Chinese supermarkets were opened. In addition, in the 1990s some Thai supermarkets and
cafés surfaced in these two streets. At present the two streets house in total twenty-two
commercial shops (of which fourteen are Chinese, mostly food stores, two Thai supermarkets,
one Chinese and one Thai barber, one Belgian bakery, one Belgian hotel, one Belgian snooker
store and one indoor market, the Criée). In terms of restaurants, there are fifteen restaurants
(including twelve Chinese, two Thai and one Japanese restaurant). Incidentally the Japanese
restaurant is opened by a Chinese. The Thai restaurants, however, are run by Thai people.

Aside from a commercial function, the area has provided fertile ground for community life. In
total there are 6 Chinese associations, one protestant church, one Buddhist temple, two
Chinese martial arts schools, one Chinese language school and one Nepalese association. The
Chinese associations are: the Association of the Chinese settlement in Belgium, Chinatown
vzw, the Chinese Association of Merchants, the Association of the Chinese elderly, the
Chinese Women Association and the Chinese Association of the Fujianese. There are also two
Chinese acupuncture centers.

Besides consuming Chinese-Asian food and purchasing Asian exotica on an individual basis,
traditional festivals and celebrations are organized throughout the year. The most well known
festival is the celebration of Chinese Spring Festival or Chinese New Year. The main
ingredients of such as festival consist of a lion dance accompanied by ear deafening
firecrackers, a wide range of stage performances such as Chinese opera, Chinese dance, etc.
In the major thorough fare and on the square there are stands selling food, Chinese gadgets,
stands offering palm reading, calligraphy, etc. In the evening a Chinese New Year party is
organized by the Association of the Chinese settlement in one of the major performance halls
of the city. This party brings Chinese and local Antwerp people and city officials together.
The formal character is marked by the presence of a representative of the Chinese Embassy.
Yet the Chinese in Antwerp adopt a rather practical attitude towards politics namely stay
away from it if possible.

Besides celebrating Chinese New Year, the Mid-Autumn Festival has been organized in the
past few years. Basically evolving from a traditional harvest festival marking the end of the
summer and celebrating the hard work, it has become a family celebration, with a huge
banquet, regrouping all members of the family. A special delicacy of this festival is the moon
cake. The moon in Chinese culture does not represent madness but on the contrary the unity
and harmony of the family. Also religious celebrations are now open for participation and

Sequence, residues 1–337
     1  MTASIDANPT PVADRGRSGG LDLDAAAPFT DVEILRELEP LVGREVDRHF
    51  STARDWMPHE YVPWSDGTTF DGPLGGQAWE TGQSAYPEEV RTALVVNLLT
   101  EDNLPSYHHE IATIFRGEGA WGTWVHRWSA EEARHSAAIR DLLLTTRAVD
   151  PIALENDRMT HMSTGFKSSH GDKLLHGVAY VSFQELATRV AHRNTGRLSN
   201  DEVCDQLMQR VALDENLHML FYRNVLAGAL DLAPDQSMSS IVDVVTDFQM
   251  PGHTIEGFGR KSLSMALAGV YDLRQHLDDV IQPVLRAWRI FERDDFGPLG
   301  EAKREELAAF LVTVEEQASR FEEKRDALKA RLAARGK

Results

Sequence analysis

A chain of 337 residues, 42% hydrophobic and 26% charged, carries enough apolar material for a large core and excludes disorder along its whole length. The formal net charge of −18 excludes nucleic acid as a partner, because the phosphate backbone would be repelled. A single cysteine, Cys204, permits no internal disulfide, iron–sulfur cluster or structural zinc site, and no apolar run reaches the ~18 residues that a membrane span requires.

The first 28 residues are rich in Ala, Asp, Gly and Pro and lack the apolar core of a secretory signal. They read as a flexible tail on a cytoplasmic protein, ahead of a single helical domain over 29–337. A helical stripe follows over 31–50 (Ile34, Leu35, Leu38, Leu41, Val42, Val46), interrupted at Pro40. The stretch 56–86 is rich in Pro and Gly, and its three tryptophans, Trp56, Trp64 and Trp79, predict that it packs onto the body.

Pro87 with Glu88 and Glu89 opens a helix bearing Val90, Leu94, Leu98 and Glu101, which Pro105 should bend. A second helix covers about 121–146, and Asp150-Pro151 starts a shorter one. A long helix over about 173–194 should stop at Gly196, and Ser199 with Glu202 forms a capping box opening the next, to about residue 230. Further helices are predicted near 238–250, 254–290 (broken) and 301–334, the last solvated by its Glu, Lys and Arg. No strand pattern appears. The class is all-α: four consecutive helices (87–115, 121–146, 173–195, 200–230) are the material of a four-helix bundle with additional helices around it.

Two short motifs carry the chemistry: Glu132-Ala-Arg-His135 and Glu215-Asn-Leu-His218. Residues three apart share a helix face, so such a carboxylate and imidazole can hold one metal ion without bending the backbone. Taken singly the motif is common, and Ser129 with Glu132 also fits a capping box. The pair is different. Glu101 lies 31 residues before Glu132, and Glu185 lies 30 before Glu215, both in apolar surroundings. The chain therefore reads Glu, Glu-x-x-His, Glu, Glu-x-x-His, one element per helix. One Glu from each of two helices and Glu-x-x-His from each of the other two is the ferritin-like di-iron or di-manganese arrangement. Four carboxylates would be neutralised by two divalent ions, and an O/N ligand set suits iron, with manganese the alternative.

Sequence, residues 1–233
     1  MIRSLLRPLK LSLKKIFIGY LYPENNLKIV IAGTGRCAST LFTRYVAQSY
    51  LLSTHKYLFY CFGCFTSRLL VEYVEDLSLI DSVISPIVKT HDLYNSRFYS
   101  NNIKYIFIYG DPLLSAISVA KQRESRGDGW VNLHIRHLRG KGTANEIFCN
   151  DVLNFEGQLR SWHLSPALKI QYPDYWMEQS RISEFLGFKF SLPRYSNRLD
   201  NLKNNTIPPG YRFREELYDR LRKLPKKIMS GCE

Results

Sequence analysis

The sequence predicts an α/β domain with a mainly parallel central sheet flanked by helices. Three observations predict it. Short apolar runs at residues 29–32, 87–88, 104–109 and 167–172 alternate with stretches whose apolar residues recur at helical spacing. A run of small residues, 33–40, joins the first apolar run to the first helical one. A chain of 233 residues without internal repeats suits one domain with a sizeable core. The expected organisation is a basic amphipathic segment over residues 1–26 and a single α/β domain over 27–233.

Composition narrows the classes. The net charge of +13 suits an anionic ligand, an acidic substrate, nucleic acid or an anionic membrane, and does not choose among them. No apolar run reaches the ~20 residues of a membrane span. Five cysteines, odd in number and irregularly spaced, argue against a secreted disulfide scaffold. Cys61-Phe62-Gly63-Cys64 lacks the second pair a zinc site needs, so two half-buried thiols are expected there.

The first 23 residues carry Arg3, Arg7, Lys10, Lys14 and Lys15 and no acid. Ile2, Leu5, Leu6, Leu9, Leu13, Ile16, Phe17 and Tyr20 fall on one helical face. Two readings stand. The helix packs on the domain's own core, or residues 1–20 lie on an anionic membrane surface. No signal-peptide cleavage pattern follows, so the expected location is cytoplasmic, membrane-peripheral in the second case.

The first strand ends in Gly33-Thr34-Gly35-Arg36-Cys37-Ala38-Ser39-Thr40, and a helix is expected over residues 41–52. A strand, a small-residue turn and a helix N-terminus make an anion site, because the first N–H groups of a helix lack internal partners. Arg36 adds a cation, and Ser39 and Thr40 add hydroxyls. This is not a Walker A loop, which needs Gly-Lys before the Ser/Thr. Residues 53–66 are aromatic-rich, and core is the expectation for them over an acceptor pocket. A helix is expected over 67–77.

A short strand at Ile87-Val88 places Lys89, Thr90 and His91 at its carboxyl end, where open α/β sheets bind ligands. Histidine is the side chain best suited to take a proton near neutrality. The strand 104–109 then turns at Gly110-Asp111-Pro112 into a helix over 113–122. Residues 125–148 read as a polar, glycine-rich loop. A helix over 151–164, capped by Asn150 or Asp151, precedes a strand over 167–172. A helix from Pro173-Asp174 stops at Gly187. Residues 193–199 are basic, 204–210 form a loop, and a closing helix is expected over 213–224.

consumption of the general public such as the Birthday of the Buddha. This year it will be
organized on May 26.

Walks in Chinatown are offered by different organizations, both local as Chinese associations.
These walks include one or more of the following items: visit to a Chinese martial arts school,
visit to the Buddhist temple, and visit to the Chinese school and to be concluded with a
Chinese meal.
The redevelopment of the area adorning the neighborhood with ornaments and signs
associated with ‘Chinese-ness’, the increasing appeal of Chinese and religious festivals and
the Chinatown guided walks reinforce and solidify the Chinese identity of this ethnoscape. In
the near future a Chinese arch gate will be erected at the entrance of Chinatown Antwerp. The
only obstacle is formed by a complaint filed by Panos against the city of Antwerp. Panos is a
sandwich bar located at the entrance of Chinatown, fearing that the gate will block the view
from his living room on the second floor. The case is still pending. Moreover, two weeks ago
the different components of the gate have been burnt. New pieces are being ordered from
China. The timing of the installation of the Gate is postponed until the fall and possibly the
first part of 2008.


   3. Chinatown Brussels


General mapping

As in Antwerp most Chinese restaurants have been scattered throughout the city. However
there is somewhat of a cluster in the margin of l’Ilot sacré, the well preserved historical
walking zone between la Grande Place (Market Plaza) and la Bourse (the Stock exchange) in
downtown Brussels (Ville basse). L’Ilot Sacré is not only renowned for its rich historical
heritage but also by its wide range of restaurants. Some guidebooks call this area ‘the stomach
of Brussels’. Next to the l’Ilot Sacré is the Dansaertstreet. This area includes Dansaertstreet
and la Place Saint-Géry-Sint-Goriksplein. This area, which in the 1970s was abandoned, run
down, undesirable and dangerous, has undergone a complete spatial face-lift. It is now an
upbeat, young, trendy and stylish neighborhood. At present, it houses the pochest stores
selling avant-garde designer clothing (mostly Belgian-Ann De Meulemeester, Dries Van
Noten, A.F. Vandervorst, Bruno Pieters, etc. but also Japanese fashion-Yohji Yamamoto),
footwear (Hatshoe), glasses (Theo), flagship store of designers (Annemie Verbeke), etc. In
contrast to uptown Brussels, which is more mainstream, conservative, bourgeois and mostly
French-speaking, the Dansaert area has a preference for young, avant-garde, creative mostly
Dutch-speaking designers and artists, although it is becoming increasingly diverse. The rapid
transformation has been made possible by the presence of a major Flemish theatre,
programming experimental projects of unknown yet talented artists, the presence of a Flemish
film school and other cultural institutions. It has attracted in the 1970s and the 1980 numerous
young artists and designers to start a shop in the neighborhood. At the corner of the